Community College leaders in Maine are creating a wave of calls, emails and applications from potential students after launching a free community college program targeting state students who graduated from high school during the epidemic.
“We’re overwhelmed with the work right now because of this program, but it’s a wonderful job,” said Joseph Cassidy, president of Southern Maine Community College. “And people are happy to see that they are meeting students and they are taking them to the pipeline.”
He said so many students are calling, emailing and applying through the college’s website that admissions and counseling staff are struggling to keep up.
“Our people are tired and working really hard, but it’s really positive,” Cassidy said.
The program, which will take effect this summer when students apply for autumn, will cover two years of tuition at Maine Community College, with anyone scheduled to graduate or graduate from high school in 2020, 2021, 2022 or 2023, including the current community college. Students and alumni who earned a GED. The seven community colleges in the state cost an average of $ 3,700 in tuition and fees. The program will cover any costs that are not covered by state and federal financial aid or other scholarships. Participants must be a full-time student in an associate’s degree or one-year certificate program and must be in Maine at the time of enrollment to qualify.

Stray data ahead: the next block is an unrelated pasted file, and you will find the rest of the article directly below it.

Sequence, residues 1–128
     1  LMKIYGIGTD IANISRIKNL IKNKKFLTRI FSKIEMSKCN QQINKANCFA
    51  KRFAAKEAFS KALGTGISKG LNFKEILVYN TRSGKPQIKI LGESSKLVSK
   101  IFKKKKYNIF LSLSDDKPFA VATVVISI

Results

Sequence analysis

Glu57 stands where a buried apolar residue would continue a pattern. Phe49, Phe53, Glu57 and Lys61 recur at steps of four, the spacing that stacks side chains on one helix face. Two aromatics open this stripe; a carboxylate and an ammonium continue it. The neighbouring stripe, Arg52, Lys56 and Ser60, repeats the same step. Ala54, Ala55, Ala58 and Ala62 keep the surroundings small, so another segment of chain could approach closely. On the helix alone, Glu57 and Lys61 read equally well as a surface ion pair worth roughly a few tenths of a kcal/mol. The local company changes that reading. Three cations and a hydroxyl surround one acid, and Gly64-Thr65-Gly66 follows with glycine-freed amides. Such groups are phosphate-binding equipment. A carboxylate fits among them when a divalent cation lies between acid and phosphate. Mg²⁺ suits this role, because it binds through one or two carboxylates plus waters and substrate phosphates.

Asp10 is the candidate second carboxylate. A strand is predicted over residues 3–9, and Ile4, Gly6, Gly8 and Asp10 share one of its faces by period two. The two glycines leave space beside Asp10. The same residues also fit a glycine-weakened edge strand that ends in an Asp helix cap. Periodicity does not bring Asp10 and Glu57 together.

Governor Janet Mills, who initially proposed the program, signed a supplementary state budget in April that included $ 20 million in one-time funding to create the program. Funding will be available next month.
“With the strong bipartisan support of the legislature, we are convinced that high school students’ aspirations for higher education have been affected by the epidemic and that they have access to a tuition-free education and access to Maine’s workforce with a reliable, well-paid job. – Job demands, “Mills said in a press release. An estimated 8,000 people in the state may be eligible for the program, according to the release.
Doug Ross, co-founder of the Campaign for Free College Tuition, says the statewide free college program has grown in popularity since the epidemic. Michigan Future for Frontliner, for example, has launched a free college program for people working in the face-to-face job during the epidemic and Michigan Reconnect, a similar program for older adults without a degree in 2021. He believes free college programs are expanding because industries are facing a severe labor crisis and states have more funds to start these programs because of the federal COVID-19 relief money.
The epidemic “has given some extra impetus to the education-free movement,” said Ross, who has been a partner in the Diploma Equity Project and has served as a senior adviser on prosperity under Michigan Governor Gretchen Whitmer. The combination of funding flows and the need for skilled workers “has been a kind of wind behind this movement.”
David Diegler, president of the Maine Community College System, said the epidemic was “incredibly unequal and unjust,” widening the economic disparity between low-income and high-income families nationally and statewide. He believes that state programs can help close those gaps because low-income students earn degrees and end up earning higher wages.
The state’s low-income high school graduates are increasingly taking jobs instead of going directly to college, a trend that has grown due to the epidemic, but “a student needs skills, training, education” to “get traction in this economy”. He said.